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Joined-up approach to repeat offenders

By This is Cornwall  |  Posted: October 29, 2009

<P>TEAMWORK:  Det Sgt Craig McWhinnie</P>

TEAMWORK: Det Sgt Craig McWhinnie

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THE Plymouth priority prolific offender (PPO) team can boast a 66 per cent reduction in the number of crimes committed by its offenders over the past two years.

The team, led by Det Sgt Craig McWhinnie, includes police officers, probation staff, drug outreach workers and housing officers, who all sit side-by-side in an office based within the Harbour Centre in Mutley.

The physical location of the team – they sit around one table – is central to their success, claims Det Sgt McWhinnie.

"I don't have to spend two weeks arranging a meeting with housing, or probation, or drugs workers. It's all done over the table. If I need to get a drug worker's perspective, they're down the hall. All the expertise is in one place."

The national scheme, now four years old, linked organisations who each had a hand in helping tackle those offenders who, often because of drug habits and a chaotic 'sofa-surfing' lifestyle, were causing the most crime.

Two years ago in Plymouth senior members of each organisation agreed the most sensible move was to bring the key people together. Basing them at Harbour had two additional positives: it was considered "neutral ground" by each agency and it was physically close to where most of their clients were being treated for their drug addiction, which in turn fuelled their offending.

Det Sgt McWhinnie said: "Because it's here, we can focus on the main issue, which is the dependency on drugs. We're linked in with much of the third sector here who also deal with it – Hamoaze House, Prince's Trust and Ahimsa."

He cites three main ways of tackling prolific offenders. Firstly, 'prevent and deter' – work carried out by groups such as the Youth Offending Team.

The work carried out by the PPO team covers the next two strategies: 'resettlement and rehabilitation', and 'catch and convict'.

Det Sgt McWhinnie describes them succinctly as the 'carrot and stick' approach.

He said: "They come to us when they're at the most chaotic part of their lives and we focus everything in one direction.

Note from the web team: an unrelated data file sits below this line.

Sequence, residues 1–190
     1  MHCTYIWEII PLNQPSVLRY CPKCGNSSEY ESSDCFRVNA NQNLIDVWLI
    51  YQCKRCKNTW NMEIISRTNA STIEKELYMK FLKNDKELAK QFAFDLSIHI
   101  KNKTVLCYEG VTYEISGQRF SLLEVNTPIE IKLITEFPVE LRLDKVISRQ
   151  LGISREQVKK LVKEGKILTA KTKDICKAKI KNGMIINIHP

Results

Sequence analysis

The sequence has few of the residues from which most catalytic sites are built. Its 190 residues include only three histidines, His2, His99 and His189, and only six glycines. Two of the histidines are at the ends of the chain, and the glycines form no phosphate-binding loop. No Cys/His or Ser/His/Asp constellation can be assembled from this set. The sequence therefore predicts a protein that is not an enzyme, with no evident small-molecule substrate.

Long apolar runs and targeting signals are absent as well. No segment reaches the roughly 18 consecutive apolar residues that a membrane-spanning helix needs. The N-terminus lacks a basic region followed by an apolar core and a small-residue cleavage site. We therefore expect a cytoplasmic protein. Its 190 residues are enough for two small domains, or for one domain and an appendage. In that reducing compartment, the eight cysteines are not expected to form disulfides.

"We give them a chance to stabilise and get them help. If they choose not to co-operate with us – and we know quite quickly if they're going to go off the rails – we can bring it to the attention of the police, be it neighbourhood teams or patrol, who will take action."

Only 60 offenders make it onto the PPO list at any time by reaching a certain set of criteria. They are scored on a range of factors, including how many crimes they have committed, what kind, their impact on the community, their accommodation status, the harm they are causing, and whether intervention will work.

Det Sgt McWhinnie said: "We have to have this selection criteria which is agreed on a multi-agency basis, otherwise we would have hundreds of PPOs. The majority of crime is committed by the minority of people. And of those people, it is the minority of them who commit that core crime. They are the people we want to really dig into. That's where we see the most acquisitive crime."

By keeping the figure realistic, the team can better target each offender, matching their actions to what will work best with that person.

Det Sgt McWhinniesaid: "We learn from each other and that's what's unique. The problem solving is better – everybody has different views in dealing with an offender, which makes it a more balanced approach."

One of the key approaches is to focus on the individual rather than their offending. The police, probation, drugs officers and housing will all turn up on the offenders' front door. In Bristol, the PPO team includes prison officers, which Det Sgt McWhinnie says helps focus an offender's mind.

He said: "If you get a prison officer you recognise turn up at your front door, telling you to stay in line or you'll be seeing a lot more of them, it does seem to have a positive effect."

All PPOs receive what is called a "premium service". If they are suspected of committing crimes, they will be arrested the same day, brought in and questioned. They will be refused bail and the CPS will be urged to charge them.

Det Sgt McWhinnie said: "They stand far more of a chance of being convicted than anybody else – we point this out to the offender. Out of 17 PPOs brought in this month, 14 were charged."

Because of the joined-up approach, the team know exactly what's going on with each PPO, he added.

The Criminal Justice Joint Inspection team – made up of members of the police, probation, prison service, court and Crown Prosecution Service – reviewed the work of the Plymouth PPO team last year. The team received such a sterling report that now forces across the UK have visited Plymouth to replicate their model.

The team have also been nominated for the Home Office's Tackling Drugs – Changing Lives award.

Future plans include bringing in social workers, as the team aim to use every bit of leverage they can to get the offenders to quit crime.

Det Sgt McWhinnie said: "It's still heavily in the hands of the individual, but the team are more aware of good opportunities to effect life changes."

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